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Sunday 15 March 2020

Nina's Memento Mori by Mathias B Freese

'Memento mori.'  Latin for 'remember you must die.' Or a reminder that death is inevitable. An unusual title for a book. But the author is an unusual writer. His writing is deep, intellectual, expressive and very sincere. 

I was expecting a tribute to his tragically deceased wife, Nina. It was, yes, but it was also so, so much more. A wife for only a very very short time, a soulmate…two people who found each other quite late in life, both, I think, regretting they hadn't found each other sooner. Both have/had troubled and cruel pasts: pasts which moulded their futures. And this is part of what bonded them so closely.  But aside from telling the reader why he loved Nina so much, he talks to us candidly about himself:  warts and all.

It's hard not to read this without equal amounts of sorrow and joy. Sorrow for their unfortunate experiences and joy for the blissful, but short, period of happiness they ultimately found. It's a book of candour, intimacy, honesty and baring of the soul.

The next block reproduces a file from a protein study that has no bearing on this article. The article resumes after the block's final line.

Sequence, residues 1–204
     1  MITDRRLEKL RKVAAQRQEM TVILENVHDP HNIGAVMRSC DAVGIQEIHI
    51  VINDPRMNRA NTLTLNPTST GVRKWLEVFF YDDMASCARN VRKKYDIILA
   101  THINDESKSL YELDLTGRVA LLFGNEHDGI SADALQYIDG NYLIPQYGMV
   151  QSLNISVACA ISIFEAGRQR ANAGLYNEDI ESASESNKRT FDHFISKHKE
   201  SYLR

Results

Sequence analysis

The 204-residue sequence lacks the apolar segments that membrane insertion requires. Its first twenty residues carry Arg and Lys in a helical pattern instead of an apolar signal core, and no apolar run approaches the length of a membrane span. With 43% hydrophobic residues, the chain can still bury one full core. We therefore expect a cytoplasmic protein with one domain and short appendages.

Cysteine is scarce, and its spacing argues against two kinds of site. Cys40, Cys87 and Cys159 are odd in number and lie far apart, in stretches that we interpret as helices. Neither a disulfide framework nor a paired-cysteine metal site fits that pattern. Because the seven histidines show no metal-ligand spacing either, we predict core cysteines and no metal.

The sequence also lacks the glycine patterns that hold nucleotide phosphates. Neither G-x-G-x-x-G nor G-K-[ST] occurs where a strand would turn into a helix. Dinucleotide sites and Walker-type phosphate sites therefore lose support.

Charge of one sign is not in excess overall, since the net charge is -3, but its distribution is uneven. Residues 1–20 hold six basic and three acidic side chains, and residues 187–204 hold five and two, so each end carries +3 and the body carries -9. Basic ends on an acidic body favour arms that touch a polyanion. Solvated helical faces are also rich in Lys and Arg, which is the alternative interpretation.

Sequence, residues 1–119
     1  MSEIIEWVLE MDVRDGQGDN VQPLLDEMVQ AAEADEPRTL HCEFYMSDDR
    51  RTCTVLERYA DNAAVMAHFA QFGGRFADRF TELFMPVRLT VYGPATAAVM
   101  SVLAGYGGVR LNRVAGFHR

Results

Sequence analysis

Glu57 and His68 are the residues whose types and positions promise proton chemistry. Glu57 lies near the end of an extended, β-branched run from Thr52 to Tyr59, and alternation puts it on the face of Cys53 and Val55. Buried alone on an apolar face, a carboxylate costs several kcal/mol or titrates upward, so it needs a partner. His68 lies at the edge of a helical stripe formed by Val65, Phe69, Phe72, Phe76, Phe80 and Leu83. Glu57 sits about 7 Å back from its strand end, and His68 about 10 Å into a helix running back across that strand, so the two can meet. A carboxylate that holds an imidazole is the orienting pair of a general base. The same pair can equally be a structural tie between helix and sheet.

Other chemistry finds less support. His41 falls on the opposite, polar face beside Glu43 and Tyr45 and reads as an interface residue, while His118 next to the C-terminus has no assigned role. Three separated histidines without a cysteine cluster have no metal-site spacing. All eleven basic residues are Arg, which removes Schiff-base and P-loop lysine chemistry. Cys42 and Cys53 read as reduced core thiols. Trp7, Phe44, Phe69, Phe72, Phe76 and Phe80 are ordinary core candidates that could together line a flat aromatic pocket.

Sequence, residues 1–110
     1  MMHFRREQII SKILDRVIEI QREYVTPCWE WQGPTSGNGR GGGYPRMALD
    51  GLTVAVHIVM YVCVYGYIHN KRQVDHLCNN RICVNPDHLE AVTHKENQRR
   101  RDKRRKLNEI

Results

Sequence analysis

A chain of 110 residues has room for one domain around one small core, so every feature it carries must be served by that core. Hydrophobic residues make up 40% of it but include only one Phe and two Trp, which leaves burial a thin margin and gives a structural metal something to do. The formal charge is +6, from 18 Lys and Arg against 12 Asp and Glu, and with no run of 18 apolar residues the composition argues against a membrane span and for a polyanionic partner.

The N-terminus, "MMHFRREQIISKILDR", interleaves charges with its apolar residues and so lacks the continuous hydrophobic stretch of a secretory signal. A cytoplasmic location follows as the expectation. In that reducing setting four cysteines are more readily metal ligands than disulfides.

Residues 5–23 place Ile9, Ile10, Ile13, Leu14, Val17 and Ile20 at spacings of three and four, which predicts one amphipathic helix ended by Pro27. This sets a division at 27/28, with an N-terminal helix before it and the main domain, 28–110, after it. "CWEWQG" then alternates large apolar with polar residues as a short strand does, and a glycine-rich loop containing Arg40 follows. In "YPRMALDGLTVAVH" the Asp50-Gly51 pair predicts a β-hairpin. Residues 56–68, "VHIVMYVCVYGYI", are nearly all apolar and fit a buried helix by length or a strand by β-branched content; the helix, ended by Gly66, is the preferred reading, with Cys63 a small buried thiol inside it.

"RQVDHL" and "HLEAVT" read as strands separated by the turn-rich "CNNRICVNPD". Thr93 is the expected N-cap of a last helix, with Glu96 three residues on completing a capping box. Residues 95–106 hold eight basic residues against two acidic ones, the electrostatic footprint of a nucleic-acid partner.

Most authors' requests to read and review their books come with anticipated gratitude.  They hope you'll say yes and hope they'll get a five-star review.  However, I always feel it's the other way round:  I'm the one who is grateful to have been asked.  

This is a (short) book you feel extremely privileged to have been asked to read.

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